Mud, Sweat and Tears: Tales from a Country Vet by Bud Ings. Acorn Press.
From the back cover: “Ings’ memoir is a rich, often humourous account of his first decade as a vet, at a time when there were few vacations, no modern tools of the trade, and no request too strange to attend to. It’s also the story of a past era, when PEI’s farms flourished and the animals were not only the backbone of the economy, but part of the family.”
I checked this book out of the library way back in July (yes, I’m slightly behind on my reviews) so I could take it to PEI for our annual week of eating, reading, beachcombing and eating. In an interesting turn of events, however, my father—who generally limits his reading to the newspaper and curling/golf schedules—saw it on the coffee table and snagged it for himself. His verdict? Two thumbs up.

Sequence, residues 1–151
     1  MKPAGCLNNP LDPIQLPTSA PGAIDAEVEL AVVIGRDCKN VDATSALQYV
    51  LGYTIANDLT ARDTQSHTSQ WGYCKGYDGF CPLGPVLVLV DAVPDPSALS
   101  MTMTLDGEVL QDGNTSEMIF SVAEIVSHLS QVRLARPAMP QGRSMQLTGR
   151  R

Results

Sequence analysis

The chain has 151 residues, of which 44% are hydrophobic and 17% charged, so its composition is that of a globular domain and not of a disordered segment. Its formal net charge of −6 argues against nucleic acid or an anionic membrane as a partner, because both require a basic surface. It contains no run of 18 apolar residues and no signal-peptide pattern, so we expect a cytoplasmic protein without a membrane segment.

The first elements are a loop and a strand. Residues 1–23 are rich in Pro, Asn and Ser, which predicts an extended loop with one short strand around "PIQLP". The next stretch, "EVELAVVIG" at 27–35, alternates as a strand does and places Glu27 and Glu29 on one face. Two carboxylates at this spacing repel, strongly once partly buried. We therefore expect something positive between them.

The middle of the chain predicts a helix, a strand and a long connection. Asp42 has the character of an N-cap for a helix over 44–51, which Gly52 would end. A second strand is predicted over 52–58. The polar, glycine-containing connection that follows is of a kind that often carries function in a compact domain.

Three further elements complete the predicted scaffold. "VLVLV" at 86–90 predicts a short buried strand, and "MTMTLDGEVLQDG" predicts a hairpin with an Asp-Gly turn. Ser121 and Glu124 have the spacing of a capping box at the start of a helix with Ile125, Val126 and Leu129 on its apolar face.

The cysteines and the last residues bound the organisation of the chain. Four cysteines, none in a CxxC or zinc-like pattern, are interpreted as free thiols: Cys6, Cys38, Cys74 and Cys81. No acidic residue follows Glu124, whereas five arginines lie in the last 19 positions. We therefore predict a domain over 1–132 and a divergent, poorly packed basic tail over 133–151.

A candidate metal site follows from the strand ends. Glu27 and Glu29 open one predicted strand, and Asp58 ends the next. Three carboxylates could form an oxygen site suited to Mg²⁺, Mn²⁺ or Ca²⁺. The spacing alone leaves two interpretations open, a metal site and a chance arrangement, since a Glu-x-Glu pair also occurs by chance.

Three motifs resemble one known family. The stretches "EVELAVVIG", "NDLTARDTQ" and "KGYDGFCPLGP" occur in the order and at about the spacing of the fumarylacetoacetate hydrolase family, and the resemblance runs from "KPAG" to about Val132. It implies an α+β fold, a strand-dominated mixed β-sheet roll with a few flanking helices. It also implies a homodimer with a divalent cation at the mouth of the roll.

Well sure, I thought, Bud Ings is not only writing about the PEI of my Dad’s childhood, but they also share the same exquisite taste in adopted first names. Would I enjoy the book as much as Bud Cameron?
I did enjoy it. Ings’ details of farm life on PEI in the fifties are interesting, but even better are his descriptions of his encounters with the farmers—true characters, every one. Celebrity and tragedy memoirs are both more popular, I know, but I really believe these “regular person” memoirs are priceless for a glimpse at a world now long gone.
Recommended for fans of PEI, veterinary medicine or rural life in the fifties.